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South Africa 223226
South Africa Demographics for South Africa Population: 44,344,136 GDP (by PPP method): US$2,491.4 billion Currency (inc code): Rand (ZAR) Language(s): IsiZulu, IsiXhosa, Afrikaans, Sepedi, English, Setswana, Sesotho, Xitsonga, others Internet country code: .za Elementary and secondary education In the post-apartheid era a more coherent education system is slowly being shaped in South Africa, not only to deal with issues around the distribution of learning opportunities, but also to allow the country to successfully compete globally. Educational authorities envisage a seamless system starting with early childhood development and progressing through general education and training, or adult education and training, to higher education. In 2002, 11.9 million learners were enrolled at South African schools. Of these, 11.6 million studied in public schools and the rest in independent (private) institutions. The average annual growth rate of learners for the first decade of the new century is expected to be negative. Total government expenditure earmarked for education in the 2004/2005 budget is still inadequate to provide free and compulsory education for a ten-year period. There remains a scarcity of qualified and properly remunerated educators, financial resources are stretched and the HIV/AIDS pandemic is expected to have major negative impacts on the education sector. 223 A Global Guide to Management Education 2006 Higher education Before 2004 graduates of high schools could continue their education at a technical or vocational institution, a technikon, or a university. In 2003, about 480,000 were enrolled at the then 21 universities in the country, while about 225,000 students were enrolled at the 15 technikons. At that time university enrolment had stagnated, but technikons experienced booming enrollment figures. The new public higher education landscape further consists of 22 public institutions: 11 universities, five universities of technology and six comprehensive institutions brought about by the merging of universities and technikons. The mergers have created some very large institutions seven institutions will have enrollments of above 30,000 the new distance education institution an enrollment of more than 200,000 students. After the political transition in South Africa, there was a proliferation of both local and foreign providers of private higher education. Private higher education has been estimated in 2004 to have a headcount of between 30,000 and 35,000 comprising about 93 institutions and 382 programs. Ultimately, however, only 14 providers were nationally accredited, with additional accreditation granted to a further 30, due to poor quality offerings from the private suppliers. A Bachelor's degree at a tertiary institution usually requires three years of course work. This may be followed by an Honors degree (one year) and a Master's degree (at least one year). Academic coursework is usually transferable between institutions of similar standing. Professional schools, usually located within universities, offer professional degrees in fields like medicine, dentistry, pharmacy, law and engineering. Corporate charters for tertiary institutions are issued by the national government, which has oversight over higher education and is responsible for quality control through the Higher Education Quality Committee which operates under the auspices of the Council for Higher Education. The largest proportion of students enrolls for commerce, followed by education and health sciences. There remains a serious imbalance between the arts and humanities on the one hand and science and technology on the other. The graduate output in the fields of science and technology should increase, as should the ratio between technikon and university students. It is believed that the new configuration of tertiary institutions will correct this imbalance to a significant extent. Most tertiary institutions in South Africa operate using a semester calendar with a new intake at the beginning of each calendar year. Business and management education Management education in South Africa is provided by a wide range of organizations. Almost all management education that leads to a degree at any 224 South Africa level is provided by the 22 tertiary institutions referred to above, with the exception of a limited number of private suppliers. Business programs within a university are usually managed and delivered by an academic unit often referred to as a faculty of management, economic and management science, business etc. Business schools may form part of these faculties, but are usually entities reserved for MBA training and/or executive education. During 2003 a comprehensive audit was done on all suppliers of MBA degrees with the result that after a glut of MBA degrees before the audit, today only 17 fully accredited MBA programs are in existence, at 15 higher education institutions (the greater majority of them public). Three institutions still have conditional accreditation. Undergraduate education (leading to a Bachelor's degree) in business and management is also provided by these tertiary institutions. The program generally involves at least three years of general studies. Degree titles vary depending on institutional preferences, but do not necessarily signal significant curricular differences. The most commonly offered titles are Bachelor in Commerce, Bachelor in Economics or Bachelor of Business Science. Most degree programs allow students to select at least one major emphasis within business, which usually requires at least four semester courses in the speciality area. Graduate business education includes Honors, Master's and Doctoral level instruction or research. Master's level business education programs lead either to a general degree (e.g. Master of Commerce, Master of Economics) or a specialised degree (Master of Accountancy). A strong trend reflects training in a multi-disciplinary field, usually under the name of Master in Philosophy. Substantial variation has developed within each type of program. Most business Doctoral programs in South Africa prepare candidates to do independent and original scholarly research. A Master's degree is usually required as well as preliminary course work. Doctoral students then usually have to participate in advanced seminars and write a comprehensive Doctoral thesis which is externally examined, internally moderated and which the candidate has to defend in an oral examination. Business school faculty usually are career academics who are appointed on the basis of their lecturing and research records. Of late, MBA schools are also targeting well-qualified individuals from the world of business. Promotion within university structures, however, is still very much research driven. Generally full-time tenured faculty are expected to research, teach, consult, administer and provide services to the community. A greater proportion of courses each year, however, is taught by part-time, or so-called virtual faculty, who bring the latest thinking and developments in business into the classroom. It is very difficult to estimate student numbers due to definitional problems, but in 2000, 19,200 degrees, diplomas and certificates were awarded in the field of commerce by public universities and technikons. In the same year 3,846 225 A Global Guide to Management Education 2006 degrees were awarded in the field of public administration. The enrollment trend, however, still is in the direction of commerce. Issues facing business schools All business schools attached to universities suffer from cuts in government funding. This leads to an insufficient number of faculty positions, non-market related remuneration of staff and the inability to draw and retain good academics. There exists a real danger that the intellectual capital base of business schools may shrink and become shallower. The lack of sufficient resources also becomes visible in the upkeep of facilities, the ageing of technology and the general downgrading of the educational environment. Furthermore, it must be kept in mind that South African business schools now have to compete in the global arena and are faced with international salary structures. On the positive side the weak currency does help to keep courses internationally competitive. South African schools face the further challenge of creating racial diversity in faculty composition in a situation where black faculty is relatively scarce and commands a high salary premium. This leads to intense competition to obtain the services of a finite pool of well qualified black academics. All institutions are faced with similar demands in a transforming economy: . coping with a vast array of diverse national and organizational goals and imperatives, as well as mutually exclusive pressures and expectations from a variety of stakeholders; . tightening financial constraints accompanied by rising expectations; and . remaining faithful to the ideal of academic excellence while pursuing secondary objectives. Eon Smit Professor and Director, Stellenbosch Business School 226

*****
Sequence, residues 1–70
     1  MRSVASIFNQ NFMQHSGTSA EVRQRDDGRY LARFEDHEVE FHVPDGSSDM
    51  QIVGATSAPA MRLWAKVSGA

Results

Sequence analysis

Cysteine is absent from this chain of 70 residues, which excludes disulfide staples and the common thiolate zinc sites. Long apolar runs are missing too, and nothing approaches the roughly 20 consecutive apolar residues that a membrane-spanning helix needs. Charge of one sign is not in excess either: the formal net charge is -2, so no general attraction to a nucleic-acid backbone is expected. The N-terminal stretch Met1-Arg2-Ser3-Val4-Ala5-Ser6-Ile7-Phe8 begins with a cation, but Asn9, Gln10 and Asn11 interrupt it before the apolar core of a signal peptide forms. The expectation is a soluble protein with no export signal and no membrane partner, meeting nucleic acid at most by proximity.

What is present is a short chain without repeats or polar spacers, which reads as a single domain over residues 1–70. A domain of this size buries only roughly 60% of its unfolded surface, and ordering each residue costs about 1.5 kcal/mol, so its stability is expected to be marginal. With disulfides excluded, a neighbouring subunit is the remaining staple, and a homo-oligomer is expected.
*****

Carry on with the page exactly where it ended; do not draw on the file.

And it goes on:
"South Africa 223226"